Don’t get me wrong. I really enjoy cycling, because you experience the piece of town or country you move through so very differently from when you’re traveling in a car, but there has to be a really good reason to make me spend hours on a bicycle. Yesterday afternoon I cycled the 24 miles south from Geneva along the eastern side of Seneca Lake to visit the small Boundary Breaks vineyard that NYWC (New York Wine City) exile Bruce Murray began planting his 18 acre vineyard in 2008. Nearly all my colleagues and the top somms will tell you that young vines cannot give great wines, but I always said the wine is as good as it is, no matter where or when it grew.
I cycled at a fair clip and struggled to keep my bike upright in the blustering wind for two solid hours in the hope that the 2014 wines from Boundary Breaks would at least be up to the same level as the first vintages. After all, this young producer’s 2011 198 Reserve was one of my top Riesling discoveries of last year, and the 2012s and ’13 Rieslings had all been good to impressive in quality. That’s quite a track record for such a young producer who was previously in market research!
Bruce produced just three wines in 2014, the dry 239, the medium-dry OLN and the medium-sweet 198. Or rather, I should say that, with the very considerable help of vineyard manager Kees Stapel and his assistants, and of winemaker Kelby Russell, he has produced three FLX Riesling masterpieces. I’m now getting a clear picture of the 2014 in this region, and it divides into two contrasting groups of Riesling wines. The first of this is the wines made from grapes picked at the beginning of the long period of fine weather in the fall – picked then because rot was developing and it wasn’t possible to wait any longer – which are quite lean, have high acidity and apple-lemon aromas. Then there are those that were picked at the end of those weeks of fine weather, which are richer, more harmonious with much riper yellow fruit and floral aromas.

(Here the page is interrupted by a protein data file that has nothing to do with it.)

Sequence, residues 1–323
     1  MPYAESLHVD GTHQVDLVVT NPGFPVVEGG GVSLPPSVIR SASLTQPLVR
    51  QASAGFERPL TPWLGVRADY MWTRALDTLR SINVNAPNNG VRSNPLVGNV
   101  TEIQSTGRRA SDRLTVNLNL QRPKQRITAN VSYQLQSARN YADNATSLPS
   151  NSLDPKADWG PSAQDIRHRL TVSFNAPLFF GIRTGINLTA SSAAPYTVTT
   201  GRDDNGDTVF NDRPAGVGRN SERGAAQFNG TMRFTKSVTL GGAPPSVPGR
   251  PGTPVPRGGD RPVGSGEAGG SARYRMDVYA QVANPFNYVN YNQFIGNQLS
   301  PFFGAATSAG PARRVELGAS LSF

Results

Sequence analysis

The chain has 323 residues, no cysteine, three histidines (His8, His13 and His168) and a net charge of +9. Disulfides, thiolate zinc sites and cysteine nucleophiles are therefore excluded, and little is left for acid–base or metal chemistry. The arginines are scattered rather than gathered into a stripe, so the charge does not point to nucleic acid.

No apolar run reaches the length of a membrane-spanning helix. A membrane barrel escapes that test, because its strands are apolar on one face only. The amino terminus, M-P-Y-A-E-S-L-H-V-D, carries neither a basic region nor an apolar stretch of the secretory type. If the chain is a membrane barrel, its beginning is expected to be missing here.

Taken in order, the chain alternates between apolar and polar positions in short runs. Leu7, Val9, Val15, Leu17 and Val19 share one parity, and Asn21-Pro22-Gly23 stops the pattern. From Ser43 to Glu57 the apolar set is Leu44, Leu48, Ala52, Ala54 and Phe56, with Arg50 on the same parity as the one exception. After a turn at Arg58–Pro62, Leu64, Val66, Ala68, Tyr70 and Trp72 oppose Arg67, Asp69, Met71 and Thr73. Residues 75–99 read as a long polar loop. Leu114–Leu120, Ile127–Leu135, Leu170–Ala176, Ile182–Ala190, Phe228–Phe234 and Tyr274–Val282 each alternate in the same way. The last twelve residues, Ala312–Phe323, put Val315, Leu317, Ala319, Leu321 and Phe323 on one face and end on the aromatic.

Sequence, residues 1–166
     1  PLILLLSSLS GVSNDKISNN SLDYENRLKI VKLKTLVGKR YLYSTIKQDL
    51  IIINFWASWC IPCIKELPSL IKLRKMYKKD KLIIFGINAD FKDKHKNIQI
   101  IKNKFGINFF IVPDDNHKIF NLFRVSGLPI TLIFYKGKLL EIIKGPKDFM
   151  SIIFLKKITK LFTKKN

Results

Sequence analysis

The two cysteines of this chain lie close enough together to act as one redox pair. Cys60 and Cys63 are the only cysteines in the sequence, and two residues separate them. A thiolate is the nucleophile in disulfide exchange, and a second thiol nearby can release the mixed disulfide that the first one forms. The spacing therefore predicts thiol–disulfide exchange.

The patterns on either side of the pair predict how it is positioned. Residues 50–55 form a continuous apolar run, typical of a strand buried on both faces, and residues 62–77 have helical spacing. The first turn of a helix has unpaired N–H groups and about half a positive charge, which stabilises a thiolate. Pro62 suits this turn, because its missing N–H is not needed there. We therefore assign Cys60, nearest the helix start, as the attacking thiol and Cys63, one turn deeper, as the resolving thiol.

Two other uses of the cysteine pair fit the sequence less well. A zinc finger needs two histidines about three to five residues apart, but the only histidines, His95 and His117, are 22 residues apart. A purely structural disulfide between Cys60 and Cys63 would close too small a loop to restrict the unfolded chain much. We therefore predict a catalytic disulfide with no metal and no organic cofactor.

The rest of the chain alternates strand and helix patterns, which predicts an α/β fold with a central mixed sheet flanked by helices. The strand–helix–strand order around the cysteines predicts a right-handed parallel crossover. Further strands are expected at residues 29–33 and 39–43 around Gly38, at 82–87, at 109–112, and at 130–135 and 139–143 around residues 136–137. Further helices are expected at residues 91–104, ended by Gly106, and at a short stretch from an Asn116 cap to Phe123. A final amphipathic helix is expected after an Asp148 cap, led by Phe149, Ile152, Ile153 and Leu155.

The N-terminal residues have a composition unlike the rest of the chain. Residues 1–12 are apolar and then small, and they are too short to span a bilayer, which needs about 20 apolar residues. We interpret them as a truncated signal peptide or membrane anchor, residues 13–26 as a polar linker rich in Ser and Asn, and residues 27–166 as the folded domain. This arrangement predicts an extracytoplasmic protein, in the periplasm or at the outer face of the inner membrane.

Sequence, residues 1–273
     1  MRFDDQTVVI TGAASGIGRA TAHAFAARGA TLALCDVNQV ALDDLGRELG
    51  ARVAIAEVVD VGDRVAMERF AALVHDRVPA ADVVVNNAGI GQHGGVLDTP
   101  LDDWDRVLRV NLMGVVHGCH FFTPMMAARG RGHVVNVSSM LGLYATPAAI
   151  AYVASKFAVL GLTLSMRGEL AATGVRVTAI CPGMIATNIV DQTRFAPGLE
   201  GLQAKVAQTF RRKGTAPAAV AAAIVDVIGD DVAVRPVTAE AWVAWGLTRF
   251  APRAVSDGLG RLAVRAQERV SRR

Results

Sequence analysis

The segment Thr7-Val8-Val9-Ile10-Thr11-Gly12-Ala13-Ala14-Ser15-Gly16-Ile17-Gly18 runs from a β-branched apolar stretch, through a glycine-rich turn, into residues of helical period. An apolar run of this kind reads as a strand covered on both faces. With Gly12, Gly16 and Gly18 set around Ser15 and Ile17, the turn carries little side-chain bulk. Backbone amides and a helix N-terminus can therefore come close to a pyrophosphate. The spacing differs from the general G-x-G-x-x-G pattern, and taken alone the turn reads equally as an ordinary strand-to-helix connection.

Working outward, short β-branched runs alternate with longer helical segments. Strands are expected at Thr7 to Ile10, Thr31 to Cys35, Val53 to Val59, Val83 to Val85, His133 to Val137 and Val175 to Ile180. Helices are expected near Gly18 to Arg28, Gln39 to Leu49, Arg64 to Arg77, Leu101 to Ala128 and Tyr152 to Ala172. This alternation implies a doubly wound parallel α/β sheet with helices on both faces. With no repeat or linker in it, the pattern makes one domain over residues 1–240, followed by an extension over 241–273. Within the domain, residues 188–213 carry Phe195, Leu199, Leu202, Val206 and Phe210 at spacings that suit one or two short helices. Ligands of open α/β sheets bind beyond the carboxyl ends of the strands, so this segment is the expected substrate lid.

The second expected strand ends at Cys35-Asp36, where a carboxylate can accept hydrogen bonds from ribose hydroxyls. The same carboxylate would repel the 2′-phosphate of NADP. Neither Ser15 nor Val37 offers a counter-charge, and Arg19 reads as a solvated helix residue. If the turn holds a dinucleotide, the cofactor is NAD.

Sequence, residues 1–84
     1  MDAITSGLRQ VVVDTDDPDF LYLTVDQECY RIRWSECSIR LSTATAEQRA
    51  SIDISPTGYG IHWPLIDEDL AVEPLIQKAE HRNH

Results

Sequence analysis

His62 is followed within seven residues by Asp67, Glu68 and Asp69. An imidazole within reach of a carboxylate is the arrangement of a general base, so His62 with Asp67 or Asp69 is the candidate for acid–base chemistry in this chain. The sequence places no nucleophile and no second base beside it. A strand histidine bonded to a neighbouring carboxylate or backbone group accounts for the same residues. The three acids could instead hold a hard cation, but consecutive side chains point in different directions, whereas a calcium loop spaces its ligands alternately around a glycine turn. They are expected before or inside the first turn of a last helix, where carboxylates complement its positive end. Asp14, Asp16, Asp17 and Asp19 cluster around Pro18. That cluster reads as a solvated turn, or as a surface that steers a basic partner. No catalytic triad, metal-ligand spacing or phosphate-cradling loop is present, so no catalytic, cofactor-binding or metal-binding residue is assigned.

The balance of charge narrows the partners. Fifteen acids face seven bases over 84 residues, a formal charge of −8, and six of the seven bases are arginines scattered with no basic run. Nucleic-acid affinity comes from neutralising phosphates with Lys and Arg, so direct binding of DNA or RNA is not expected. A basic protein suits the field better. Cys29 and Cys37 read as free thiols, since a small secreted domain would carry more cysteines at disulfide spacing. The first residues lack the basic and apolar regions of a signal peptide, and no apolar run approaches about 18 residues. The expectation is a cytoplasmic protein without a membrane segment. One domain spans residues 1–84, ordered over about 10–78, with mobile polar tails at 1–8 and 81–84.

All the Boundary Breaks’ Riesling grapes were picked in late October and belonged to the second group. They were significantly riper than this producer has so far picked, and when wine producers suddenly see unfamiliar numbers – every wine producer is looking at those number even if they’re also looking at, feeling and tasting the grapes – they nervously ask themselves what this means. For example, it was certainly conceivable that the 2014 Boundary Breaks grapes might have given Rieslings that were too rich or lacked elegance, but that isn’t the case at all.
As you can see from the picture above, all three of the 2014 Boundary Breaks Rieslings are pale in color with a greenish tinge, which is not the way Riesling made from over-ripe fruit usually looks. In fact, I consider this the ideal appearance for young, high-end Riesling wines. Because they were bottled just a month ago all three are a little bit shy in the nose, but they got plenty of time to aerate in the glass as Bruce and I talked and they slowly blossomed. That’s exactly how it should be with wines made to retain their youthful freshness as long as possible, and for long aging beyond the first effusive phase of their lives.
The 198 Reserve is the most exotic (fresh pineapple, passion fruit, papaya) and floral of the trio with a great succulence that then twists into a dazzling citric freshness that not only kept drawing me back to the glass, but was also uplifting in the way that the great Riesling Spätlese wines from the Mosel and Nahe in Germany are. Not surprisingly, Bruce, Kees and Kelby are all great fans of these wines, and had them in mind. With its white peach and honeysuckle aromas the OLN is a very charming and elegant wine, the long mineral and vibrant acidity at the finish taking me by surprise. The dry 239 is the most reticent of the trio, but as a very delicate peach and fresh herbs character, is intense and concentrated, yet silky, ending with a bright lemon freshness and a salty mineral touch. I’m sure all of these wines will show even better when they are released in a few months time.
All three of these 2014 Rieslings are big wines in the traditional FLX context, but already have a delicacy that is literally breathtaking. Boundary Breaks now belongs in the first league of FLX and North American Riesling producers. These wines will sell for $19 to private customers at the cellar door, which is a steal. Both because of the quality and that price I’m expecting NYWC and the rest of the nation’s wine scene to jump for them, and I will therefore be placing my order early.